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Cited by 52 (13 self)
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We consider the problem of designing mechanisms for online problems in which agents arrive over time and the mechanism is unaware of the agent until the agent announces her arrival. Problems of this sort are becoming extremely common particularly in a wide variety of problems involving wireless networking.
The PrizeCollecting Generalized Steiner Tree Problem Via A New Approach Of PrimalDual Schema
"... In this paper we study the prizecollecting version of the Generalized Steiner Tree problem. To the best of our knowledge, there is no general combinatorial technique in approximation algorithms developed to study the prizecollecting versions of various problems. These problems are studied on a cas ..."
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Cited by 49 (15 self)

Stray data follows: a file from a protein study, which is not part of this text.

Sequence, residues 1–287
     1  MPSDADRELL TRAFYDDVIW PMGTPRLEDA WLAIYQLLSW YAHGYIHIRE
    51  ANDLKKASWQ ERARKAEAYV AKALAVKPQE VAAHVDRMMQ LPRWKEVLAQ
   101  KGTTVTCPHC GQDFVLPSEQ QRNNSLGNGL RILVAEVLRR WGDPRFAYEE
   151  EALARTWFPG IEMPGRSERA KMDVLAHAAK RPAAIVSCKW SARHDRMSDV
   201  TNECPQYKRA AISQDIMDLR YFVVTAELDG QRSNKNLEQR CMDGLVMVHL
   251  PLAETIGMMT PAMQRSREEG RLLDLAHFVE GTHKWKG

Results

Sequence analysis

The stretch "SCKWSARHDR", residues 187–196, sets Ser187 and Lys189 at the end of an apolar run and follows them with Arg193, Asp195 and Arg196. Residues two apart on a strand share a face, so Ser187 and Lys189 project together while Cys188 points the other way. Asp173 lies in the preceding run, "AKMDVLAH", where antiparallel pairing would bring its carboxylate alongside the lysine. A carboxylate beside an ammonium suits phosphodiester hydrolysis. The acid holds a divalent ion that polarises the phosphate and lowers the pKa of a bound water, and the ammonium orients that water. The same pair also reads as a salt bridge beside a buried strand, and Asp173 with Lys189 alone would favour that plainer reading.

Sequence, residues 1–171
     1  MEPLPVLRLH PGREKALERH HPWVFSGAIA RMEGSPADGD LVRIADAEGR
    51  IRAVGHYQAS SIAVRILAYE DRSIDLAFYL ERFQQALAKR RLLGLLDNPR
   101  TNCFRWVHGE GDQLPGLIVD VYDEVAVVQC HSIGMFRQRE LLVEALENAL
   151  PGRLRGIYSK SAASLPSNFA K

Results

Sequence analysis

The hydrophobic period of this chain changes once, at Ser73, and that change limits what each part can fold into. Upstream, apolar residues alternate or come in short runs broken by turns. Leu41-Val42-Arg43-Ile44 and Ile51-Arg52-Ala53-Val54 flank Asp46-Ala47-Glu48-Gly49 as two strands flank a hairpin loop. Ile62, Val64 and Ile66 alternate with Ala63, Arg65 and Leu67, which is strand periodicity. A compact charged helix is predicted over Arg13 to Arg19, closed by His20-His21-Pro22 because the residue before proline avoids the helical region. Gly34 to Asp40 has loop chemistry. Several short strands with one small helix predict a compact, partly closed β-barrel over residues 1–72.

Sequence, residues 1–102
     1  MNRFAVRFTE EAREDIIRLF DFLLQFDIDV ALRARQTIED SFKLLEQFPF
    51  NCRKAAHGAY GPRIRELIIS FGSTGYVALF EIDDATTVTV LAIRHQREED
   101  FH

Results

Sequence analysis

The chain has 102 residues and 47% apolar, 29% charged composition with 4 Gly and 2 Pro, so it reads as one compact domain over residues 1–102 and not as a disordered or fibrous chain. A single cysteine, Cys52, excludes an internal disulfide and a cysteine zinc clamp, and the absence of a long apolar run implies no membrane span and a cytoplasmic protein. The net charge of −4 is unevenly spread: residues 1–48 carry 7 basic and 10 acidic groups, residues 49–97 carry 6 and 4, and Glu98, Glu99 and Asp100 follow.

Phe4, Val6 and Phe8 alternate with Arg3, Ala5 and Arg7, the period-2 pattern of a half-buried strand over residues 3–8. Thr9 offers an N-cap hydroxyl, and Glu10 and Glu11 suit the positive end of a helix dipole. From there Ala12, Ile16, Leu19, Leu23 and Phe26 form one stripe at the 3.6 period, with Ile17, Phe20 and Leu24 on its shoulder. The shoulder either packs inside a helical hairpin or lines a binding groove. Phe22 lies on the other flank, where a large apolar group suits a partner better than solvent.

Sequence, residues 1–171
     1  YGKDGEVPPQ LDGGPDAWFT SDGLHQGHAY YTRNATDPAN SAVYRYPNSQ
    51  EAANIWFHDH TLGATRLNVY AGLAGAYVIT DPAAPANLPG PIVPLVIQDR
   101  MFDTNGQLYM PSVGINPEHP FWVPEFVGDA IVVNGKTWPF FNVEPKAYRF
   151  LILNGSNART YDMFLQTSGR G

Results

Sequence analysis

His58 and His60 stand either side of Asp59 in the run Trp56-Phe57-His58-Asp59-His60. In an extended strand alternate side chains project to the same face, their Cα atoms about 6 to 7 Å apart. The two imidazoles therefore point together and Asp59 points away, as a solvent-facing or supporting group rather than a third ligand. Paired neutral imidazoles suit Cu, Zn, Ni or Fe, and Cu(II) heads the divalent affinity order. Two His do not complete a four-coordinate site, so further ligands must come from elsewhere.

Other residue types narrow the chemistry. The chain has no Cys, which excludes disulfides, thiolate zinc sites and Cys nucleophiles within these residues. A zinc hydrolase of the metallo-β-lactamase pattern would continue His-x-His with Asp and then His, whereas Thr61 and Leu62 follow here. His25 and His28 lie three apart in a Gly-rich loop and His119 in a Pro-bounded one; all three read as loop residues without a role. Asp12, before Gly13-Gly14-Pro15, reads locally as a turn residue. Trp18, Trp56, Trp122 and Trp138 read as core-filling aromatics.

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In this paper we study the prizecollecting version of the Generalized Steiner Tree problem. To the best of our knowledge, there is no general combinatorial technique in approximation algorithms developed to study the prizecollecting versions of various problems. These problems are studied on a case by case basis by Bienstock et al. [5] by applying an LProunding technique which is not a combinatorial approach. The main contribution of this paper is to introduce a general combinatorial approach towards solving these problems through novel primaldual schema (without any need to solve an LP). We fuse the primaldual schema with Farkas lemma to obtain a combinatorial 3approximation algorithm for the PrizeCollecting Generalized Steiner Tree problem. Our work also inspires a combinatorial algorithm [12] for solving a special case of Kelly’s problem [21] of pricing edges. We also consider the kforest problem, a generalization of kMST and kSteiner tree, and we show that in spite of these problems for which there are constant factor approximation algorithms, the kforest problem is much harder to approximate. In particular, obtaining an approximation factor better than O(n 1/6−ε) for kforest requires substantially new ideas including improving the approximation factor O(n 1/3−ε) for the notorious densest ksubgraph problem. We note that kforest and prizecollecting version of Generalized Steiner Tree are closely related to each other, since the latter is the Lagrangian relaxation of the former.